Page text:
Most of the US and Canada have been in COVID-19 confinement for a month. That means you’re about to get your first utility bill after staying at home for four weeks.
More likely than not, you don’t have to worry about losing your gas, electric, or water services during the COVID-19 pandemic. Moratoriums on utility disconnections are widespread, either by government mandate or utility policy. Via the March 19, 2020, press release Helping Customers During This Time of Need: All EEI Member Companies Suspend Electricity Disconnects, Edison Electric Institute (EEI) members, which include all US investor-owned utilities, pledged to end disconnections during the crisis.
This provides temporary relief if you’re financially affected by the pandemic. But you may need long-term support from your utility so you don’t build up large balances that you have to pay later. Here’s some advice to help you manage your utility account and reduce your financial burden as you recover from the COVID-19 crisis.
Set up payment arrangements with your utility and ask for time to pay them off
Contact your utility company now to set up payment arrangements. Avoid calling the customer service line because call centers have limited staff and are overwhelmed by emergency calls. Instead, set up arrangements through your utility’s website. Companies like Pacific Power, Xcel Energy, and ComEd describe payment arrangement options, allow customers to see their eligibility, and let customers complete their payment plans entirely through the website.
Right now, utilities are extending due dates and deferring payments. We found several examples.
FortisBC has one of the most developed COVID-specific payment arrangement offerings at this time: the COVID-19 Customer Recovery Fund. Customers can enroll in the program to have bills deferred from April 1 through June 30. Repayment will be applied across 12 months and be interest-free. Both residential and small business customers can participate.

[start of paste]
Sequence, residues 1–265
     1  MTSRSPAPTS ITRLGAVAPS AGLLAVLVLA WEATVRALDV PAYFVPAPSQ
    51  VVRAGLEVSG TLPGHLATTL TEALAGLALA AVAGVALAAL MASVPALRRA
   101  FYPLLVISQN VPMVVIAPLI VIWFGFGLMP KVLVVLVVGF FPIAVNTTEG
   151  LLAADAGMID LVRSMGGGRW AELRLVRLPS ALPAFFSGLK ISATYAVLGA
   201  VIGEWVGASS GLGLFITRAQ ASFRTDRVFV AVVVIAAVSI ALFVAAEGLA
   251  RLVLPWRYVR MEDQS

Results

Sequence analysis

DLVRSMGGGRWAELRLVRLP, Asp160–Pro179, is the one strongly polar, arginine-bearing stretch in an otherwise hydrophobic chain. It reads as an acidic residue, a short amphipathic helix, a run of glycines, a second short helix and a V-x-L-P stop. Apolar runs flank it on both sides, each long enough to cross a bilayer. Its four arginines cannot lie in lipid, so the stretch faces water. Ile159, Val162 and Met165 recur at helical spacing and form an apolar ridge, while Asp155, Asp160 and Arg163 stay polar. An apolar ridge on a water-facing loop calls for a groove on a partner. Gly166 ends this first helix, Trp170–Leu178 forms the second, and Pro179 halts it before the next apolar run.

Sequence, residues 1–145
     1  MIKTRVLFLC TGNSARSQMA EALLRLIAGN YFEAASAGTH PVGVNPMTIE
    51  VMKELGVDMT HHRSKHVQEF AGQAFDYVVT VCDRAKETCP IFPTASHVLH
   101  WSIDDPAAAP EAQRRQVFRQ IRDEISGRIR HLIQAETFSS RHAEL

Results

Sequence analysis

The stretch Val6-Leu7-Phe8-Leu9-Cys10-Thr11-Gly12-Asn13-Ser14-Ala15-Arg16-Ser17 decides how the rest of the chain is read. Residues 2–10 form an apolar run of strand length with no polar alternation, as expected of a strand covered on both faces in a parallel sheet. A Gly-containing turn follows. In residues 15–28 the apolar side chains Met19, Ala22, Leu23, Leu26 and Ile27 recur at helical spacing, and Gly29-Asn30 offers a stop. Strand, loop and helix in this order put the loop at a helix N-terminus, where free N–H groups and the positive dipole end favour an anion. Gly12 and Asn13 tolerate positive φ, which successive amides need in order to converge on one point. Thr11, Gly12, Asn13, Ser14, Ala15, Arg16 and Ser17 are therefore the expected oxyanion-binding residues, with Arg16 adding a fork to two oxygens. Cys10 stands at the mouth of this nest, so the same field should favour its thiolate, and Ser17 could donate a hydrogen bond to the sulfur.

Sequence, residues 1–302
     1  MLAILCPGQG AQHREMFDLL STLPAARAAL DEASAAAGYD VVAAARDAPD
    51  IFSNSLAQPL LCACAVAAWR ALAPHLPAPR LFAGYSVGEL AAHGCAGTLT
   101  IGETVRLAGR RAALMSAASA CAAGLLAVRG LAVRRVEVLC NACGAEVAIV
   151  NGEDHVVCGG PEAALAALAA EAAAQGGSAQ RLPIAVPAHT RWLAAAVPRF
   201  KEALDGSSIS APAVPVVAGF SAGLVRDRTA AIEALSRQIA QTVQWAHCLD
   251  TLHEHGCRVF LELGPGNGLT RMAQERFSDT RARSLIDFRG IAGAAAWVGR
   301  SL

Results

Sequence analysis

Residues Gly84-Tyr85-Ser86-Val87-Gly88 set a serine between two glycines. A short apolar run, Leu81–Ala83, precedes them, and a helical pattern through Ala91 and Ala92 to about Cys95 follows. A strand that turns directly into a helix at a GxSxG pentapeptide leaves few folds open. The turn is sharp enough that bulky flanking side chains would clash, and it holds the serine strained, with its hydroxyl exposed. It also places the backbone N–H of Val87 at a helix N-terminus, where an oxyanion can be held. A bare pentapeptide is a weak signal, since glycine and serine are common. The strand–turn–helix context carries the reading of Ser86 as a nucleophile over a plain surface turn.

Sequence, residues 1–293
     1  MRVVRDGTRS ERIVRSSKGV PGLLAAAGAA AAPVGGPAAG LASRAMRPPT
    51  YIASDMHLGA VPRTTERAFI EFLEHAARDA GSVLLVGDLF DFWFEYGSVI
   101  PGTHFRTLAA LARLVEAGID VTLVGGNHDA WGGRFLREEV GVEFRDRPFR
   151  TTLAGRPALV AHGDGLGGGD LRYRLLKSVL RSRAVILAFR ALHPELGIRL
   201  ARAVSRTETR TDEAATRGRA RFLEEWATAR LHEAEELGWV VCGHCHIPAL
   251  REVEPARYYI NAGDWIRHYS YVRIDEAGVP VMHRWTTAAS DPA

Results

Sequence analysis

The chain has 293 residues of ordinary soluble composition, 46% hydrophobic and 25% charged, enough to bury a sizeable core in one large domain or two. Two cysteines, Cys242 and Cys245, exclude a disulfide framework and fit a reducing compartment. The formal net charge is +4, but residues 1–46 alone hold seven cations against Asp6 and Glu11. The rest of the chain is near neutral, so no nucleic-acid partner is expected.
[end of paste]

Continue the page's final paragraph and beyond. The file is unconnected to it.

Colorado Springs Utilities (CSU) offers three options: a due-date extension, a customized payment plan, and a “skip your payment” option. This last option lets customers skip paying the current month’s bill and roll it into the next month’s or subsequent months’ bills. Read the details on CSU’s Flexible Payment Plans web page.
City of Tallahassee started a Utility Relief Program that defers payments until the fall and will bill customers in installments from September 2020 through March 2021.
Eversource is offering a flexible payment plan that allows residential customers to participate without a down payment and for any balance amount. Business customers are also eligible for extended payment plans. The utility’s Payment Plan web page details more.
Your utility can connect you with assistance programs that it operates, that the federal government operates, or that local charities operate.
Enroll in assistance programs
Payment plans can help you manage your bills, but what do you do if you lost your job or had your hours cut because of COVID-19 stay-at-home mandates? Simply having more time to pay may not be enough for you. Your utility can connect you with assistance programs that it operates, that the federal government operates, or that local charities operate. Programs like the Low Income Home Energy Assistance Program (LIHEAP) help families pay their energy bills and make energy-efficiency upgrades in their homes.